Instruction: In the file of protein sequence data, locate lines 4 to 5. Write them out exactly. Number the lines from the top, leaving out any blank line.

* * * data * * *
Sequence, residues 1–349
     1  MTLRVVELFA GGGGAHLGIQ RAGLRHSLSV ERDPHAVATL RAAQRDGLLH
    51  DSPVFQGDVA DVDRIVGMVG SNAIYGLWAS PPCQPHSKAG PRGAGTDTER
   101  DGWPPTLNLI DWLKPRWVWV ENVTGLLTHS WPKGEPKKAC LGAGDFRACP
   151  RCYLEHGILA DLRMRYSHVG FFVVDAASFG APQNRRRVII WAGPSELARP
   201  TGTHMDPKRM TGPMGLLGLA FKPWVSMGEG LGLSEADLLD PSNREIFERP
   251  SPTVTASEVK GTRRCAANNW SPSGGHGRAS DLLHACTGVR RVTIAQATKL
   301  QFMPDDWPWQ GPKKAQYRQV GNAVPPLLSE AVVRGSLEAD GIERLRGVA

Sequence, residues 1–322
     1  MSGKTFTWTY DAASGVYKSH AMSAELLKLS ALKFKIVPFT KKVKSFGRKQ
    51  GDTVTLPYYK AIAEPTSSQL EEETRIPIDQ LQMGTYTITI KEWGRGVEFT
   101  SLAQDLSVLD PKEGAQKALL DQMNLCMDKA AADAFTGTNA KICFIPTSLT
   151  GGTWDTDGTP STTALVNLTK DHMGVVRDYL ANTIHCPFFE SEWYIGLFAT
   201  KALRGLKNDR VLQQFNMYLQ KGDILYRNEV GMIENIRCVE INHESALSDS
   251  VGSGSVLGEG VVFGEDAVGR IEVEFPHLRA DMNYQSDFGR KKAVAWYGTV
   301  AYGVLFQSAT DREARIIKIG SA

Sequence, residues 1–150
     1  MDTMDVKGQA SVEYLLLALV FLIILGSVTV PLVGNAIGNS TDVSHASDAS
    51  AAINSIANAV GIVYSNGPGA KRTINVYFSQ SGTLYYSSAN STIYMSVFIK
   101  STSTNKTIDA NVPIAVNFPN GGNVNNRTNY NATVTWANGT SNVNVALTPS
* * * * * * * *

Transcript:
   101  DGWPPTLNLI DWLKPRWVWV ENVTGLLTHS WPKGEPKKAC LGAGDFRACP
   151  RCYLEHGILA DLRMRYSHVG FFVVDAASFG APQNRRRVII WAGPSELARP